O. Peter Snyder, Jr., Ph.D.
Hospitality Institute of Technology and Management

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        In 1976, the FDA Food Service Sanitation Manual (10) began to specify cooling times and temperatures, because inadequate refrigeration processes had been identified as the major cause of foodborne illness (2).  The manual stated that:  "Potentially hazardous foods requiring refrigeration after cooking shall be rapidly cooled to an internal temperature of 45ºF or below. --- Methods such as shallow pans, agitation, quick chilling or water circulation external to the food container shall be used so that the cooling period shall not exceed 4 hours."  (See §2-302 of the 1976 FDA Food Service Sanitation Manual.)  No validated research study was cited to justify the 4-hour recommendation.
        Since 1993, the FDA Food Code has recommended that food be cooled from 140 to 70ºF in less than 2 hours, and from 70 to 41ºF or less in 4 hours.  (See §3-501-14 of the 1993, 1995, 1997, and 1999 FDA Food Codes (6, 7, 8, 9 ).  The reference for 6 hours is a 1957 research study (12), which really only proves that Escherichia coli can grow when food cools too slowly from  110 to 60°F, but says nothing about 140 to 41°F.  Again, no scientific research studies were referenced for the 140 to 41°F requirement.
        The FDA Food Code gives no recommendations for precooling hot food.  The code implies that the cook should put the hot food directly into a refrigeration unit.  Many times, this hot food is at temperatures well above 140ºF when removed from a heating device (e.g., kettle, oven, or stove top).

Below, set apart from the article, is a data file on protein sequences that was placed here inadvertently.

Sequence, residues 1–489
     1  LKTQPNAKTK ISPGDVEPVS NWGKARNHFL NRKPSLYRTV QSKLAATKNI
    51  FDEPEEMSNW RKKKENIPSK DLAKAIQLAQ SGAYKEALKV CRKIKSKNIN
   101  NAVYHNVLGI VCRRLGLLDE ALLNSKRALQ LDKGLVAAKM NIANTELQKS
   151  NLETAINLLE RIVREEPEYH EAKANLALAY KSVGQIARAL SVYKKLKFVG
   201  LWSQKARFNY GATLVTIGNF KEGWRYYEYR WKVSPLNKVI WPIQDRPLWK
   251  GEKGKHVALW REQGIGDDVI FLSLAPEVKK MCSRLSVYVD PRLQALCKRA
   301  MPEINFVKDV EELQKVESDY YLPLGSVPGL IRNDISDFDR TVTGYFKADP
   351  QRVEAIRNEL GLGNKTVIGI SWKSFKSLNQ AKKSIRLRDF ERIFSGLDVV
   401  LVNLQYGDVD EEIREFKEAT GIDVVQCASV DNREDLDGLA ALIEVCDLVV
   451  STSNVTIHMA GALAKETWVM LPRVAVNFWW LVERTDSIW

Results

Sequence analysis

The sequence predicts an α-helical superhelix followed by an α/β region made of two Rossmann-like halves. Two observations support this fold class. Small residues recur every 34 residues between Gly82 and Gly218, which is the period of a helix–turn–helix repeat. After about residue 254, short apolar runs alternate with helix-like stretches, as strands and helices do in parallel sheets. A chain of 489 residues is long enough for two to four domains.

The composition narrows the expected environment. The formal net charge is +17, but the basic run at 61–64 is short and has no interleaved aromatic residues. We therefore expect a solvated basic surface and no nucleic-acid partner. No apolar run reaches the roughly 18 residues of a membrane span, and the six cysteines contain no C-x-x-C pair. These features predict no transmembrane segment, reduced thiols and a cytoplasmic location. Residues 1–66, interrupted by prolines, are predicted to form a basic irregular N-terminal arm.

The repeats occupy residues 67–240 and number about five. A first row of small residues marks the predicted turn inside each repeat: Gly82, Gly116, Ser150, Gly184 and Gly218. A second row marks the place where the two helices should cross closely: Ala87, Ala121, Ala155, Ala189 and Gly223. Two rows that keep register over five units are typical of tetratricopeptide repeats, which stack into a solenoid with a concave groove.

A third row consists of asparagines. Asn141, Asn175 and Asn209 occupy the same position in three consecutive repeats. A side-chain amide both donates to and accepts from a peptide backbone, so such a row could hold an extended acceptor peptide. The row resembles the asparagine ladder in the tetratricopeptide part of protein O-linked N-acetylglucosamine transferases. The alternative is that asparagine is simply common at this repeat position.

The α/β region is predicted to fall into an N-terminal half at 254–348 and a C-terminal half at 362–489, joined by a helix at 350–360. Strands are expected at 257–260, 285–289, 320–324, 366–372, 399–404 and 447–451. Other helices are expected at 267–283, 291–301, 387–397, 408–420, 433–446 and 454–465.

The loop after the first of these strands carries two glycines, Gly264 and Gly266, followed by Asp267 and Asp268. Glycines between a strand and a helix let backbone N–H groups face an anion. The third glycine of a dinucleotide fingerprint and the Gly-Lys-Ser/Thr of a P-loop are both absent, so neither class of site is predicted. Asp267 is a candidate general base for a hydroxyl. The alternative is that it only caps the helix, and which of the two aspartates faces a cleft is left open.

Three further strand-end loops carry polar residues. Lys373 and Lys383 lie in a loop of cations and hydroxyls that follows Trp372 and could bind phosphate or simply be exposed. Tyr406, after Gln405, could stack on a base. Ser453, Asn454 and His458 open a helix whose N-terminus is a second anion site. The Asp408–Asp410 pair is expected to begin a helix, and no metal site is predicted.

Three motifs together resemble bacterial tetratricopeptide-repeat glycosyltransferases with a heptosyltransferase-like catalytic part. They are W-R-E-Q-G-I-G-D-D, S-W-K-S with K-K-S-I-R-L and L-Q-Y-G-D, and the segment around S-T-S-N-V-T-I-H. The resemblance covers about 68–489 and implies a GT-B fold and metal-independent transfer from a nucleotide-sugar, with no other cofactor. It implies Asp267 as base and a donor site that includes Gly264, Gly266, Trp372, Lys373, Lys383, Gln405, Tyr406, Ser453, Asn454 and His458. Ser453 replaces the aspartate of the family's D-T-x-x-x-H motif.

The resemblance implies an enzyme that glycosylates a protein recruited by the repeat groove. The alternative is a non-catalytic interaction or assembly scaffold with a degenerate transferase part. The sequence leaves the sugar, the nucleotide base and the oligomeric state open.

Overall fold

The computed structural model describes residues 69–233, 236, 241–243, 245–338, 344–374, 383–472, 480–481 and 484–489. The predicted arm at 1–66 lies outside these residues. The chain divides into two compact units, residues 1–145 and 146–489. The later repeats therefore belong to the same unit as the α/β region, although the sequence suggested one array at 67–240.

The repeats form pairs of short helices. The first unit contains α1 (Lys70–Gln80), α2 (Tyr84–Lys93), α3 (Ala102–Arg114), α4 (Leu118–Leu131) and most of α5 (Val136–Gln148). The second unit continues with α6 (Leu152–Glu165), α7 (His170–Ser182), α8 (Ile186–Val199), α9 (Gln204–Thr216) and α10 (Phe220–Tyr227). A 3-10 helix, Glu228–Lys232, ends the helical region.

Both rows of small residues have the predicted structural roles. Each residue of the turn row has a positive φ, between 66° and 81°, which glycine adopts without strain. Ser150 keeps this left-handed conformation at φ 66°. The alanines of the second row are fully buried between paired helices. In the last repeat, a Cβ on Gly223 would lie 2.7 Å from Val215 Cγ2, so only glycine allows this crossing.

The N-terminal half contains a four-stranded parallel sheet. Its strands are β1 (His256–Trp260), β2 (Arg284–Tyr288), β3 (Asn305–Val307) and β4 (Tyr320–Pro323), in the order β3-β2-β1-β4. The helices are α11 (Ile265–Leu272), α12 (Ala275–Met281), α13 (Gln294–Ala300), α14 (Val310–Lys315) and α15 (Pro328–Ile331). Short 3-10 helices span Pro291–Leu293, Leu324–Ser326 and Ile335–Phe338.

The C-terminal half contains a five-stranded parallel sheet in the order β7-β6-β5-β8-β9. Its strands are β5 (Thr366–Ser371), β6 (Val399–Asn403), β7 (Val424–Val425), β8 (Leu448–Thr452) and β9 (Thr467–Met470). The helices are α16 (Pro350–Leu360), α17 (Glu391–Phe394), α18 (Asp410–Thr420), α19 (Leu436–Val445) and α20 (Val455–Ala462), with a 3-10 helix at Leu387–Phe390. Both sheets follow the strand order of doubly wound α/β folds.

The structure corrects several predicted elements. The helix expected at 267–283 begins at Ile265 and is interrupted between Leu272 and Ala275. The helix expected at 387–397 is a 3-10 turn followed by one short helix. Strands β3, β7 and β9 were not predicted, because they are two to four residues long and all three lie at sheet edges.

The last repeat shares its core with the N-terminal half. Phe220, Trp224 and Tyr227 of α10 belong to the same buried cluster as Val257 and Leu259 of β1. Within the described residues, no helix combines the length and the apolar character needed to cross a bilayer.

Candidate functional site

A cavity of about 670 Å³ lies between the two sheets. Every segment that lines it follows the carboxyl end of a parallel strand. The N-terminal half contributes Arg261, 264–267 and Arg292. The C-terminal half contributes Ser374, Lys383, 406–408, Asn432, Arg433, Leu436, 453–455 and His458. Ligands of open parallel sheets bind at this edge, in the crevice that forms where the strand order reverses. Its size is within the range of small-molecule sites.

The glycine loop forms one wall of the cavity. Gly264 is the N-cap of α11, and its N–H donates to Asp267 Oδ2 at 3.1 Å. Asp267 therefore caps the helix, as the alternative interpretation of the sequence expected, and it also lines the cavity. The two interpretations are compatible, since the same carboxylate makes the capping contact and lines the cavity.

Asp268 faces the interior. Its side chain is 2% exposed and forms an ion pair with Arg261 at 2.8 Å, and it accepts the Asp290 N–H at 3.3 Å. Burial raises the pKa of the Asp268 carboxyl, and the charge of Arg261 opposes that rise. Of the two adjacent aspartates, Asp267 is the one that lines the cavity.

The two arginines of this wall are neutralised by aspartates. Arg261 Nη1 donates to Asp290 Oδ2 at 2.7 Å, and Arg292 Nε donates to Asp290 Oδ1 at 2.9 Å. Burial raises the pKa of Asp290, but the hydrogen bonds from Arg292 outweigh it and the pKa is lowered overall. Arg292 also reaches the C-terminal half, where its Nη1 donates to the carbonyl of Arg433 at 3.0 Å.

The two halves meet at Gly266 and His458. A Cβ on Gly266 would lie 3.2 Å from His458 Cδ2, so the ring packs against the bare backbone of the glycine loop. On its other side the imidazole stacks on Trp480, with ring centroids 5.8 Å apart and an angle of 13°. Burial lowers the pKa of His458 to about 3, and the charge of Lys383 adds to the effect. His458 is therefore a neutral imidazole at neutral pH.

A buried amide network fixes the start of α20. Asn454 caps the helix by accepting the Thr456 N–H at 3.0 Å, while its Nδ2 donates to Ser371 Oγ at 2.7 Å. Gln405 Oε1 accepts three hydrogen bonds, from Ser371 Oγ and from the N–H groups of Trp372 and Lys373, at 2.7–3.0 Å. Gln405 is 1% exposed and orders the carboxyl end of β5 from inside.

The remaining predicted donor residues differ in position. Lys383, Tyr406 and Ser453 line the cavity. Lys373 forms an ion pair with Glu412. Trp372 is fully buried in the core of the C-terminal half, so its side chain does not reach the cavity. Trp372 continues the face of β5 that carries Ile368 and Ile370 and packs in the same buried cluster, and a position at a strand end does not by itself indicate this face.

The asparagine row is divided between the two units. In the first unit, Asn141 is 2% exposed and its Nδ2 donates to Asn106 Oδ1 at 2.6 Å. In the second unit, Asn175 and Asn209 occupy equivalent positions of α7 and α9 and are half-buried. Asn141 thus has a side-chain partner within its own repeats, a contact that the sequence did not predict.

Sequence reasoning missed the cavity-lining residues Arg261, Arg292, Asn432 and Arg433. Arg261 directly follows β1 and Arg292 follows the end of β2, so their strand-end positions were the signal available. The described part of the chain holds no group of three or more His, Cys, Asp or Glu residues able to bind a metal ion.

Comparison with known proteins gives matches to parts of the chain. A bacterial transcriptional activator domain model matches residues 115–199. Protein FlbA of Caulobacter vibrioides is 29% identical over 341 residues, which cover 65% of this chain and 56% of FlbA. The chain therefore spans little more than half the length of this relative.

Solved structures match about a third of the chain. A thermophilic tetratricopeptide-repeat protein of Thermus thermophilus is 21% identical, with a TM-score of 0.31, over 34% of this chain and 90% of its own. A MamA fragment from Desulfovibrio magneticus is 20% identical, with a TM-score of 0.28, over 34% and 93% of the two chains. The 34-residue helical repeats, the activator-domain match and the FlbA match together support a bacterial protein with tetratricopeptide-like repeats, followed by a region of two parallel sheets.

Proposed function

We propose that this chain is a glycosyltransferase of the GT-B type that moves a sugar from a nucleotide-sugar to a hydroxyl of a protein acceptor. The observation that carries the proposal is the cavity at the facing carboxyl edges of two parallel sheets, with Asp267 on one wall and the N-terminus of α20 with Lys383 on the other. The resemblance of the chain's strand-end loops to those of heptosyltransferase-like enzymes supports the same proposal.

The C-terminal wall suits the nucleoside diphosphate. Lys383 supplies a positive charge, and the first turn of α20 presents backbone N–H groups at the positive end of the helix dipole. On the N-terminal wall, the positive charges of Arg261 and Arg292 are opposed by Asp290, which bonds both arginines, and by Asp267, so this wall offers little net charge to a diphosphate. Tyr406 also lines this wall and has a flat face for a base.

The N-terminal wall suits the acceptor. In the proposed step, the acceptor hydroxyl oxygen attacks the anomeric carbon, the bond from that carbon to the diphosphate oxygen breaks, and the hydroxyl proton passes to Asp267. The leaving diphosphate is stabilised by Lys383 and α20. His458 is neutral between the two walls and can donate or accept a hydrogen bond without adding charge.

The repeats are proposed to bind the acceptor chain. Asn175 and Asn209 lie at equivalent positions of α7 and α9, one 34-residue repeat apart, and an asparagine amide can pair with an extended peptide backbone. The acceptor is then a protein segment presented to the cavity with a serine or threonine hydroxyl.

If hot food is immediately put into a walk-in or reach-in refrigerator, an excessive Btu cooling load is placed on the cooling unit. The highest growing temperature for a foodborne pathogen (Clostridium perfringens) is 125.6ºF (13).   The question is then:  "Is it really necessary to begin cooling food directly after cooking, or can part of the cooling be done at kitchen temperatures?"
        Most commercial foodservice refrigerators are built to NSF Standard 7 (1).  This standard specifies criteria for refrigeration performance in an environment with 90ºF air blowing through the condenser coil, but does not specify standards for the cooling capacity of refrigeration units.  When new reach-in refrigerators are tested in the factory, the units are empty, and the door is never opened.  If the compressor is on 70% or less of the time, and the temperature within the refrigerator does not rise above 40ºF in a 4-hour test period, the NSF standard is met.  NSF-compliant refrigerators have no capacity and are not tested to cool food to 41ºF within 6 hours.  Published research (14) has shown that a covered pan of food, with a depth of 2 inches, requires 11 to 14 hours to cool in an NSF-compliant refrigerator with an air temperature of 38ºF and typical air flow of 40 to 50 feet per minute.
        Walk-in refrigerators do not work any better.  These refrigeration units are not tested to conform to NSF Standard 7.  However, the compressor capacity of most commercial walk-in units is just enough to balance the heat gain through the walls (door never opened) and operate at 38ºF (+ or -2ºF), which is the same performance standard as NSF Standard 7 refrigerators.
        Why, then, do refrigerators work as well as they do to cool food?  The reason is that, between approximately 10:00 PM to 8:00 AM (about 10 hours), the door is not opened, and the compressor can reduce the air temperature within the refrigerator to less than 40ºF.  Thus, food can be cooled to, perhaps, 35°F.  The temperature of the food cannot go much below this, or the evaporator coil of the refrigeration unit will freeze up, because the refrigerant is operating at 15 to 20°F.
        In the morning, the cold food acts as a "heat sink," and it slowly warms, absorbing Btu's from door openings and from hot food when it is placed in the refrigeration unit to cool.  One hundred (100) pounds of food with a nominal specific heat of 0.75 Btu per pound, warming from 35 to 40ºF, will absorb 375 Btu's of heat.  This might cool about 2 pounds of food from 190 to 40ºF (150ºF).  This cycling of food temperatures from cold at night to warm during the day is very detrimental to food quality, as well as being inefficient.  The growth rate of spoilage microorganisms is about one generation every 15 hours at 35ºF, and one generation every 5.5 hours at 45ºF.  So, 45ºF at 8:00 PM is not dangerous if the food was at 35ºF for 10 hours at night.  The slow and fast growth rates balance out.

Maintenance of temperature and energy conservation